While the Minister for Agriculture, Food and the Marine, Fine Gael TD Michael Creed, has welcomed the new Action Plan for Rural Development, his Cork North West constituency colleague, Michael Moynihan of Fianna Fáil, dismissed it as ‘too little, too late and simply a rehash of previous announcements made by the government.’
The Minister stated that the Action Plan for Rural Development gives a whole-of-government approach to rural development, which aligns closely with Food Wise 2025, the 10-year strategy for the agri-food sector and with other programmes operated by his Department.
However, Mr Moynihan pointed out: ‘This is the fourth “rural plan” launched by Fine Gael while in government. The CEDRA Report, the Rural Charter and commitments in the Programme for Government have all failed to deliver for rural Ireland. This reveals a systemic rural policy failure by the government.’
West Cork IFA chairman Corney Buckley said that the Rural Development Plan launched by the government must be resourced with sufficient funding that can arrest the decline of rural areas, particularly those areas that are peripheral: ‘The recent upturn in the ecomomy is not being felt in rural Ireland and IFA believes that, with a well-funded plan, significant inroads can be made.
‘Agriculture is the backbone of the rural economy and the importance of supports to agricultural production and the provision of a good environment are paramount to sustaining many areas. The jobs that flow from a vibrant agriculture both directly and indirectly cannot be underestimated.’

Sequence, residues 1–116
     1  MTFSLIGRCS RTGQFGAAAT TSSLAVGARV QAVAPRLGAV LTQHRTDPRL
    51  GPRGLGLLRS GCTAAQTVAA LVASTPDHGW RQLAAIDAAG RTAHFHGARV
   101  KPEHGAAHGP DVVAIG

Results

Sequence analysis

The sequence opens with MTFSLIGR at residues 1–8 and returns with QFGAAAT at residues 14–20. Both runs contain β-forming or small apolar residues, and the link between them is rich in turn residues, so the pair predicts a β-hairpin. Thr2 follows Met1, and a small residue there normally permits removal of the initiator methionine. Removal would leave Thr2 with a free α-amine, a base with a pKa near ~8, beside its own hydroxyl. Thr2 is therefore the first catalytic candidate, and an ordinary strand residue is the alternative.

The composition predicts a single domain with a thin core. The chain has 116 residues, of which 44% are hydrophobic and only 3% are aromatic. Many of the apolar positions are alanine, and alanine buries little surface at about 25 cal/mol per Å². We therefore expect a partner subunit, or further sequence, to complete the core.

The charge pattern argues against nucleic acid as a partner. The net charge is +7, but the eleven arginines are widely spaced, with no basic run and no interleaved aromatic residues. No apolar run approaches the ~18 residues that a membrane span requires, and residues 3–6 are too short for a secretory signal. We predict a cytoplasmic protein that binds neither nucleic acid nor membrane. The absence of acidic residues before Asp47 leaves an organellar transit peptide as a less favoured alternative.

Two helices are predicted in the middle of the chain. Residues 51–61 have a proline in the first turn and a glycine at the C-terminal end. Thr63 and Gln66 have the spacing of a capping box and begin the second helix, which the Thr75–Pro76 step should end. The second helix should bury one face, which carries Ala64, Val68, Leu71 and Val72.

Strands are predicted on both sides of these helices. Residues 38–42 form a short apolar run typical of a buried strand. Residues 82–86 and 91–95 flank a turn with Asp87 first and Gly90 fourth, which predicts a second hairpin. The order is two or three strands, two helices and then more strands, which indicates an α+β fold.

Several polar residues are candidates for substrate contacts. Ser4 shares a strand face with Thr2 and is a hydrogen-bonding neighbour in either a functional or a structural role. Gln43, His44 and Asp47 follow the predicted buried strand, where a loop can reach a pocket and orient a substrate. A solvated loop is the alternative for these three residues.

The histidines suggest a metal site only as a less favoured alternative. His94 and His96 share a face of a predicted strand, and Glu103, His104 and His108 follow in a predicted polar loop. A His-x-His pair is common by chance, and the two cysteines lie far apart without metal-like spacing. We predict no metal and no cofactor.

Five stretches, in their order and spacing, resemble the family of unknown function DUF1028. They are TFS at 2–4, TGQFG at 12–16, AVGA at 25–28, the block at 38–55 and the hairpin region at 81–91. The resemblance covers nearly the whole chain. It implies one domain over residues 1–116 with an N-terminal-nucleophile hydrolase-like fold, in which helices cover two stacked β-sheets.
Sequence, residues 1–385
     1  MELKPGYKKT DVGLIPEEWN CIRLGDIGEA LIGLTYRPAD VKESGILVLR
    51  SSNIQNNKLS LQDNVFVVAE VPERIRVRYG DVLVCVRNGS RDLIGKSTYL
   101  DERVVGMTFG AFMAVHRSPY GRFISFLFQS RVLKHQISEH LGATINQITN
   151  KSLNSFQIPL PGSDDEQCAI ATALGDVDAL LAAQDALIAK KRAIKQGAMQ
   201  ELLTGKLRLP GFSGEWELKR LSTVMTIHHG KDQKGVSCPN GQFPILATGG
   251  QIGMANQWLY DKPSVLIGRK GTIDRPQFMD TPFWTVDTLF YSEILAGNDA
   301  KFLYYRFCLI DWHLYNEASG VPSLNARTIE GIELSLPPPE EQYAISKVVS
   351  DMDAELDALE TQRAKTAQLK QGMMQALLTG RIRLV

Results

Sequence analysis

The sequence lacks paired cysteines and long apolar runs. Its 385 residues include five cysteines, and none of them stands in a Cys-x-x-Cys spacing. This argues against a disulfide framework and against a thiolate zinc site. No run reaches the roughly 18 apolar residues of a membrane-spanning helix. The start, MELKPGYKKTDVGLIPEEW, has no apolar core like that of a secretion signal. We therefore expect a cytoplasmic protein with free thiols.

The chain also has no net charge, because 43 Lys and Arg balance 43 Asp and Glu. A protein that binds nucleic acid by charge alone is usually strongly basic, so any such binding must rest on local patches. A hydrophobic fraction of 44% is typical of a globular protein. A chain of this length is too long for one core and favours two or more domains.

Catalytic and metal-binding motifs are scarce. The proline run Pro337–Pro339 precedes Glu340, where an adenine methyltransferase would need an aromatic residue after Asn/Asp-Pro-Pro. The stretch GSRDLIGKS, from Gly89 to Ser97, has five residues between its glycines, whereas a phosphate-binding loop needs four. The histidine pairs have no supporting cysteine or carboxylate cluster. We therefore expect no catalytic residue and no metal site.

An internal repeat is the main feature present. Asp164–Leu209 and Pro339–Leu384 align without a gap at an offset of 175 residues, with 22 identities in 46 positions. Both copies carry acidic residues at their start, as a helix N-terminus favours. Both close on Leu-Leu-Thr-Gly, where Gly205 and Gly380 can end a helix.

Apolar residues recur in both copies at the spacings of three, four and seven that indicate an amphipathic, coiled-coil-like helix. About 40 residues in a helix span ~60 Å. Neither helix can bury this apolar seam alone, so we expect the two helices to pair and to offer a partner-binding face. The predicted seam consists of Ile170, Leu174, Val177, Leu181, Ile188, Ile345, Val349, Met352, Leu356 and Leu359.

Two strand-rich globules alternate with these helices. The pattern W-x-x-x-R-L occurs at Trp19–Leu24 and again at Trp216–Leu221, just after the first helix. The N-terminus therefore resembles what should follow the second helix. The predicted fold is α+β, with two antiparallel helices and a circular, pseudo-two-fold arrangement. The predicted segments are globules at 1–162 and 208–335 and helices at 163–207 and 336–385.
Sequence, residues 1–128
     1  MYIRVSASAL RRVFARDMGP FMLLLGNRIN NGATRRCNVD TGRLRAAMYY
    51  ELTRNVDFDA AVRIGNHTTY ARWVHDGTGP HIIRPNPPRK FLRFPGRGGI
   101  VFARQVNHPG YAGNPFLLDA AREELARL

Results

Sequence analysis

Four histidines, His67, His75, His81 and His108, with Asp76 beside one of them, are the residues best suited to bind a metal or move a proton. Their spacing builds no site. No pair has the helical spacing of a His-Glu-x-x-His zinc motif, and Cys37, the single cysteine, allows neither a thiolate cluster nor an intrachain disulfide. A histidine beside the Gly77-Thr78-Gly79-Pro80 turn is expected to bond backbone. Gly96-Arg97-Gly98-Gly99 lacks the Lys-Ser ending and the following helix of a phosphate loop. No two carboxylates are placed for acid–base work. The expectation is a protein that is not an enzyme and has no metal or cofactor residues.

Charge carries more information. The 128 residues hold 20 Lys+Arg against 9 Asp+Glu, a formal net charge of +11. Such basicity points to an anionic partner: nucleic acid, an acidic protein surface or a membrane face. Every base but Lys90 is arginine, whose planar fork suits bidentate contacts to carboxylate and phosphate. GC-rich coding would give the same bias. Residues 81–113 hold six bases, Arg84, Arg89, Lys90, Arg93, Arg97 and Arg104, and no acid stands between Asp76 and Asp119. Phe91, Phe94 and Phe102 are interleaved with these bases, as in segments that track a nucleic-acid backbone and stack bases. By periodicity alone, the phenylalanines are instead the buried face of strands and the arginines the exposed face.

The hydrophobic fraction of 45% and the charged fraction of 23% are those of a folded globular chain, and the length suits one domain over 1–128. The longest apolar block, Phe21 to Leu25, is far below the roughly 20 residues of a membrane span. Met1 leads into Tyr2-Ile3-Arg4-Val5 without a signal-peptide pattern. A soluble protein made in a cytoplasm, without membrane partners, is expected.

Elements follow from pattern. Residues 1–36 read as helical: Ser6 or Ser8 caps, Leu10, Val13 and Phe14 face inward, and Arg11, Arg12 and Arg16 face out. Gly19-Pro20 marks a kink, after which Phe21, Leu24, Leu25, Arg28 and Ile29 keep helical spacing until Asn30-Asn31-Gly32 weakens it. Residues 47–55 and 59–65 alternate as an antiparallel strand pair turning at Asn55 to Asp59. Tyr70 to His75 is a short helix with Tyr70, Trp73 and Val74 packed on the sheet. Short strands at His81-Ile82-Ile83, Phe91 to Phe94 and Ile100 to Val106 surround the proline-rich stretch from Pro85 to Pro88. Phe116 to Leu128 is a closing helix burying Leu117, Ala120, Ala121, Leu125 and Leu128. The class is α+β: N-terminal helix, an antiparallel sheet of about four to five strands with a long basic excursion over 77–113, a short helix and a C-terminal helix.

The West Cork Communities Alliance welcomed the new Action Plan for Rural Development. They see it as a breakthrough in acknowledging the importance of rural Ireland, in that it is the first ever whole government strategy aimed at all people living and working in rural Ireland.
They say that the allocation of €60 million as a starting point, but stress that this investment will have to be continued over the years to have any real impact. Con McCarthy, chairman of West Cork Community Alliance, said they feel that the government ‘took heed of the issues raised by the rural independent TDs during the talks for government, when they highlighted such things as closed-up shops in small towns and villages, lack of jobs, poor quality broadband and poor mobile phone coverage.’ He said the plan to convert derelict shops and provide refurbishment grants will give many of our run-down villages a much-needed facelift and entice more families to move back into these villages with a chance of restoring them to their former glory. During the talks, there was a call for high speed broadband to be brought to all rural areas and this has been prioritised in the Action Plan.